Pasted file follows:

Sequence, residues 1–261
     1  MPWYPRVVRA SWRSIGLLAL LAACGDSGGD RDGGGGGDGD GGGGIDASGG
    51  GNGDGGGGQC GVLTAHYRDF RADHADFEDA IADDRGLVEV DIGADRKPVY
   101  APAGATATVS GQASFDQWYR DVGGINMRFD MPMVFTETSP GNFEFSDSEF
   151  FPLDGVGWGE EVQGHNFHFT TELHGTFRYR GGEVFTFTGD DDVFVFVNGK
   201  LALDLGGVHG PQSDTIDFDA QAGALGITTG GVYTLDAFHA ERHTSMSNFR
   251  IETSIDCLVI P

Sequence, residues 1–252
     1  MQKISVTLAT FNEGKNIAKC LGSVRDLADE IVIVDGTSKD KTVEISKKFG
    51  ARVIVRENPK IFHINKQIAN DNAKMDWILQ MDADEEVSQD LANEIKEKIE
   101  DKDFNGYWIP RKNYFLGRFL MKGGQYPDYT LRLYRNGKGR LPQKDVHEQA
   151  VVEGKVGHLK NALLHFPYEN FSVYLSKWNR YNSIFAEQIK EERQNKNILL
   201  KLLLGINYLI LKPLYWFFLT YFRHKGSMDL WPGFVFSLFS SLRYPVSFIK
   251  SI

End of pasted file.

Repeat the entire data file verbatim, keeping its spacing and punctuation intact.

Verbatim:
Sequence, residues 1–261
     1  MPWYPRVVRA SWRSIGLLAL LAACGDSGGD RDGGGGGDGD GGGGIDASGG
    51  GNGDGGGGQC GVLTAHYRDF RADHADFEDA IADDRGLVEV DIGADRKPVY
   101  APAGATATVS GQASFDQWYR DVGGINMRFD MPMVFTETSP GNFEFSDSEF
   151  FPLDGVGWGE EVQGHNFHFT TELHGTFRYR GGEVFTFTGD DDVFVFVNGK
   201  LALDLGGVHG PQSDTIDFDA QAGALGITTG GVYTLDAFHA ERHTSMSNFR
   251  IETSIDCLVI P

Sequence, residues 1–252
     1  MQKISVTLAT FNEGKNIAKC LGSVRDLADE IVIVDGTSKD KTVEISKKFG
    51  ARVIVRENPK IFHINKQIAN DNAKMDWILQ MDADEEVSQD LANEIKEKIE
   101  DKDFNGYWIP RKNYFLGRFL MKGGQYPDYT LRLYRNGKGR LPQKDVHEQA
   151  VVEGKVGHLK NALLHFPYEN FSVYLSKWNR YNSIFAEQIK EERQNKNILL
   201  KLLLGINYLI LKPLYWFFLT YFRHKGSMDL WPGFVFSLFS SLRYPVSFIK
   251  SI